Tuesday, November 22, 2011

Offseason Acquisition Series: Phillies trade for Ty Wigginton

The Phillies gave up virtually nothing in this trade, as they surrendered only a Player To Be Named Later (who is expected to be inconsequential), while the Rockies are picking up two million of the four million dollars Wigginton is owed in 2012.

So, the financial investment is minimal, but there is another important investment that often gets ignored.  In short, the Phillies must invest one of their 25 roster spots in Wigginton.  Anybody who has followed a team throughout a whole season knows how valuable each roster spot is.

Perhaps you are wondering why Wigginton isn’t a good guy to give a bench spot to, considering he can play all four infield positions, as well as both corner outfield spots.  Isn’t this type of versatility that you look for in a bench position?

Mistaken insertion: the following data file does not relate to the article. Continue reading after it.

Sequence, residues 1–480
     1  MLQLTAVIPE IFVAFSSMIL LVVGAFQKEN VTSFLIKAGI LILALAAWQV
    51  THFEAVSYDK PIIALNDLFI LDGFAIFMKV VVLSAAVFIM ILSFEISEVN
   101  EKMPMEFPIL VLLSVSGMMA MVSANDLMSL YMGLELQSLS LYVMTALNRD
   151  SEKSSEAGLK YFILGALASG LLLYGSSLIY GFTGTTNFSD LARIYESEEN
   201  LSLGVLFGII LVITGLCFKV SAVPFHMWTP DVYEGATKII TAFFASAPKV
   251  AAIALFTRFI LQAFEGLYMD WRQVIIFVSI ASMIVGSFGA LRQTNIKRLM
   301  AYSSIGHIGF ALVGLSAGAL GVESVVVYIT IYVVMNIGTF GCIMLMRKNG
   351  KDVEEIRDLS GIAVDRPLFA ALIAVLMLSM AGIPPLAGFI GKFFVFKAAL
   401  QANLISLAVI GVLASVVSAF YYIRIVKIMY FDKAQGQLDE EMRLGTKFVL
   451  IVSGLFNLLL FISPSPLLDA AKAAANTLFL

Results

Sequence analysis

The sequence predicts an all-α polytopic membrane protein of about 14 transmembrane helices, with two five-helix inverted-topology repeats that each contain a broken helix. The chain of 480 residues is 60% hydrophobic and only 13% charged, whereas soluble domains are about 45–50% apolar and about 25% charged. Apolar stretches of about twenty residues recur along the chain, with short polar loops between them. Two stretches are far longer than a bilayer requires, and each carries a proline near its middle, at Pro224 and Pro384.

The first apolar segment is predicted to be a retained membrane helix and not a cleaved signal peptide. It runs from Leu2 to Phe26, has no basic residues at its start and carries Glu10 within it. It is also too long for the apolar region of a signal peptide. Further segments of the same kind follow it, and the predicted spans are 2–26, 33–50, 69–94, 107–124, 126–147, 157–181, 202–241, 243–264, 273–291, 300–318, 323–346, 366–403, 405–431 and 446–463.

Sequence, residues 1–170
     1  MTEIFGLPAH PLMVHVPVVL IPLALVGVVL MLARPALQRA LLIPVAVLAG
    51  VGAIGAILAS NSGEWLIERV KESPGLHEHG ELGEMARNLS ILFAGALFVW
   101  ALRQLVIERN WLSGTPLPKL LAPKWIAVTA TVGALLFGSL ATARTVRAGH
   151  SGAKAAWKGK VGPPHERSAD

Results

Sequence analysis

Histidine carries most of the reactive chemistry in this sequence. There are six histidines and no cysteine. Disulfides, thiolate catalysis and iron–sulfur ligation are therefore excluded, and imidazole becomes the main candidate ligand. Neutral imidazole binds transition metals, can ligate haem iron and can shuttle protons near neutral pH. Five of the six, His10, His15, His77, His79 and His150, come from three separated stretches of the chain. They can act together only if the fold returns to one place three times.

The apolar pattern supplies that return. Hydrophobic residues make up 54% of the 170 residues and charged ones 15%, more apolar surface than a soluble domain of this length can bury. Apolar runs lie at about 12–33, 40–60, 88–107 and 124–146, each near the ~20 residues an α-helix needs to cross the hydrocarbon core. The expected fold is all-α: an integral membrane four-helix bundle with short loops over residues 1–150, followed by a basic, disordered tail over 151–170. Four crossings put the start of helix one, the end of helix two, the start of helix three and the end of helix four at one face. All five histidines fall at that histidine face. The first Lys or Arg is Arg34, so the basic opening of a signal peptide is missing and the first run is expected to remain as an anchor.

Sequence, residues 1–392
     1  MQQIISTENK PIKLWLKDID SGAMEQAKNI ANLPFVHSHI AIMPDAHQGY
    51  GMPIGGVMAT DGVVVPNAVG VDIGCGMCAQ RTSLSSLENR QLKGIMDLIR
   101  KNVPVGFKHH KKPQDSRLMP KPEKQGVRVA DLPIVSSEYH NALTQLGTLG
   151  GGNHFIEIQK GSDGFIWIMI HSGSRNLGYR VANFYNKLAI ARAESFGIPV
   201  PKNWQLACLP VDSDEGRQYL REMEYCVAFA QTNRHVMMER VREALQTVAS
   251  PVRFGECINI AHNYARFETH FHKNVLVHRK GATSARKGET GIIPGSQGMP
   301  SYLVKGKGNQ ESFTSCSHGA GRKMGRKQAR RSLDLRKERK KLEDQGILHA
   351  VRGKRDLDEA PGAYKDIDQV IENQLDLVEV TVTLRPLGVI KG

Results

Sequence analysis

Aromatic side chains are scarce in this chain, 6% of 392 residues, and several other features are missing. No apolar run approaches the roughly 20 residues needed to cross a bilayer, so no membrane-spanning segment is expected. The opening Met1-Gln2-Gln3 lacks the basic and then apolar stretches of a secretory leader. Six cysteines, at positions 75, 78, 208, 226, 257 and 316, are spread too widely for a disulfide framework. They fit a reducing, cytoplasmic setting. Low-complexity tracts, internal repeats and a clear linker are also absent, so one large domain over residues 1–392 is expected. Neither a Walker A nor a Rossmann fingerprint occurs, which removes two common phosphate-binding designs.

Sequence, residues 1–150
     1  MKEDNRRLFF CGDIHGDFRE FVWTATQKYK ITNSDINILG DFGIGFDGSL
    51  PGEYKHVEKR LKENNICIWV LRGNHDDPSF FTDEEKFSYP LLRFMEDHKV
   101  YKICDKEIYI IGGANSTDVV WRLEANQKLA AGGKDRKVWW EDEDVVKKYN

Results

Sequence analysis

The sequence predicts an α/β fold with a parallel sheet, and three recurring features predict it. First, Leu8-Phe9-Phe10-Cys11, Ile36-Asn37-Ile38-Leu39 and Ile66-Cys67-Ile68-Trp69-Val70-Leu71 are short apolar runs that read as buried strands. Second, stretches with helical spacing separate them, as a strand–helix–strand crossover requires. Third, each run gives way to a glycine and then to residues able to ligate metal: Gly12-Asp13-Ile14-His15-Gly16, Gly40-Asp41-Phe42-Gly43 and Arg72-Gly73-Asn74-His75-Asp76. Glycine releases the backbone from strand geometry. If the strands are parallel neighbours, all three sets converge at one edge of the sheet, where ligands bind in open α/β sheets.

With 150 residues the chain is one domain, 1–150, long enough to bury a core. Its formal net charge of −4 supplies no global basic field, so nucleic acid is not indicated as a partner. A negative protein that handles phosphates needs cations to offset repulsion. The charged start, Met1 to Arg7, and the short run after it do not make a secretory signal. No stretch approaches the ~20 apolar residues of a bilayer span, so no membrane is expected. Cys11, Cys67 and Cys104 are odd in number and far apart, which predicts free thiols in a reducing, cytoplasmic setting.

Yes.  You want someone who can play multiple positions.  The problem with Wigginton is that he is a significantly below average defender at every position he plays.  His UZR is negative for every position except right field, where he has only played 46.3 innings in the last four years (i.e. an insignificant sample size).  You want a versatile player to back up a bunch of positions, but you don't want someone like Wigginton who is likely a downgrade everywhere he plays.  In this case, Wigginton's versatility is highly overrated.

His bat is also lacking, as he has posted a wRC+ of 92 or less each of the last three seasons.  Add in his below replacement level base-running, and you are left with a guy who can “play” 6 positions, is a below average hitter, a below replacement runner, and just turned 34 years old.

Is this the sort of player the deep-pocketed World Series hopeful Phillies should have on their 25-man all year?

Forget the monetary investment, Wigginton isn’t even worth the investment of a roster spot.

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